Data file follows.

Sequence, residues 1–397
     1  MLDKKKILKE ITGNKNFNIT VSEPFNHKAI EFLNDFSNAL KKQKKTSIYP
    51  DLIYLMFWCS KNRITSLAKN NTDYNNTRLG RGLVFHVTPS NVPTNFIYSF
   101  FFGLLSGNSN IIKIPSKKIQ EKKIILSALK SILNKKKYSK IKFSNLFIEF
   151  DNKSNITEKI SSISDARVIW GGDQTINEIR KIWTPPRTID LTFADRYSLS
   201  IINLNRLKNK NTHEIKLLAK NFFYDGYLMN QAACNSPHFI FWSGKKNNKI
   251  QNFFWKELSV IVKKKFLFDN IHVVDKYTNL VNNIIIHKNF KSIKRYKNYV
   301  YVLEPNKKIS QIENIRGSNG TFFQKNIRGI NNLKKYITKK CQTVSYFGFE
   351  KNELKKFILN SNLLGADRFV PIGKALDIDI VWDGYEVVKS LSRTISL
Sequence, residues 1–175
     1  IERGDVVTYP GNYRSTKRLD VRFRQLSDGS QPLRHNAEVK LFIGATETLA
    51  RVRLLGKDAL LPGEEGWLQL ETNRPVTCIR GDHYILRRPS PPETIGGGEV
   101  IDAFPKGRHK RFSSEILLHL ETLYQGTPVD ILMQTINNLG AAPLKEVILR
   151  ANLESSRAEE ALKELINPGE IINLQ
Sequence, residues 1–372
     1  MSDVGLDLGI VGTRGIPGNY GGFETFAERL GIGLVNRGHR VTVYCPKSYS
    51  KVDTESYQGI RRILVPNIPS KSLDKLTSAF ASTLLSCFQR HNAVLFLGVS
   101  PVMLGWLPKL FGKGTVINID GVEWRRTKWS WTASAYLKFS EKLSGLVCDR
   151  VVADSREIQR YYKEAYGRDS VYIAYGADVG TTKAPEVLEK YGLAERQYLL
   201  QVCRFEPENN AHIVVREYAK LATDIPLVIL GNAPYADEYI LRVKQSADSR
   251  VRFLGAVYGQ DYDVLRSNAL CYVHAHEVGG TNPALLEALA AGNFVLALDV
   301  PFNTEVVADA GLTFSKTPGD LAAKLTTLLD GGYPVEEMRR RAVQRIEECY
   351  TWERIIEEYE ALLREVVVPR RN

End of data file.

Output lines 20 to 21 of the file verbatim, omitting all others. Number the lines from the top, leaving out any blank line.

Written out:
   201  QVCRFEPENN AHIVVREYAK LATDIPLVIL GNAPYADEYI LRVKQSADSR
   251  VRFLGAVYGQ DYDVLRSNAL CYVHAHEVGG TNPALLEALA AGNFVLALDV